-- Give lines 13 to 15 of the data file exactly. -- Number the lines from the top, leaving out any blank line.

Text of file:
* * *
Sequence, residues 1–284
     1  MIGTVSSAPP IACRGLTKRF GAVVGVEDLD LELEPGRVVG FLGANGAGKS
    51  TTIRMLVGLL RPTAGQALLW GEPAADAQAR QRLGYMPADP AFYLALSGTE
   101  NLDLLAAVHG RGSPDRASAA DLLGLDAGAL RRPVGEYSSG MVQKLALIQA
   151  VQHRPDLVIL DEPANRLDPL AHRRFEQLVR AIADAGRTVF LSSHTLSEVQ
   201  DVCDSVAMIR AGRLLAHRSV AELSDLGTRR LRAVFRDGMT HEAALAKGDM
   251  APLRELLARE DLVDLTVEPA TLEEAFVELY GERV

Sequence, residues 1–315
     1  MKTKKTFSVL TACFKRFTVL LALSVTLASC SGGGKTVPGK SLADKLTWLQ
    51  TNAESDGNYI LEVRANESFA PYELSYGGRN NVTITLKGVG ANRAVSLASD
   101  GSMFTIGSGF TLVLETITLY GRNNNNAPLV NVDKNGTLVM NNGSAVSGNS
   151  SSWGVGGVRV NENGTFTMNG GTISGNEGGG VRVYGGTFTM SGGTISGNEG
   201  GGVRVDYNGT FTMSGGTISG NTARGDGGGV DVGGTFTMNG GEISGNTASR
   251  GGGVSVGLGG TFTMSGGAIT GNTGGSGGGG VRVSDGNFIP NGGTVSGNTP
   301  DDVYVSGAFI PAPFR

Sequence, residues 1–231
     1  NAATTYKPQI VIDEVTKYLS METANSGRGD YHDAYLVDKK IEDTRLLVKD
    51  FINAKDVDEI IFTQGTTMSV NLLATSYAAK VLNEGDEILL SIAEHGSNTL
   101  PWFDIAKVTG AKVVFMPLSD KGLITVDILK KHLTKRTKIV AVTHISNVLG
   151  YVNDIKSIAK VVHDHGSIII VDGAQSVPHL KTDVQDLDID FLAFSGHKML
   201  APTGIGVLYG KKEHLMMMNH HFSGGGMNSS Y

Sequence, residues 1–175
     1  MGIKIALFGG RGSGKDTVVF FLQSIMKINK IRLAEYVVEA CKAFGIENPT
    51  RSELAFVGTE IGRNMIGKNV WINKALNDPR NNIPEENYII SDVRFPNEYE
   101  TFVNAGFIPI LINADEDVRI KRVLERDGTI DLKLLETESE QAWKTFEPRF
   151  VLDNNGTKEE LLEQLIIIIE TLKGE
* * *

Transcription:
   201  GGVRVDYNGT FTMSGGTISG NTARGDGGGV DVGGTFTMNG GEISGNTASR
   251  GGGVSVGLGG TFTMSGGAIT GNTGGSGGGG VRVSDGNFIP NGGTVSGNTP
   301  DDVYVSGAFI PAPFR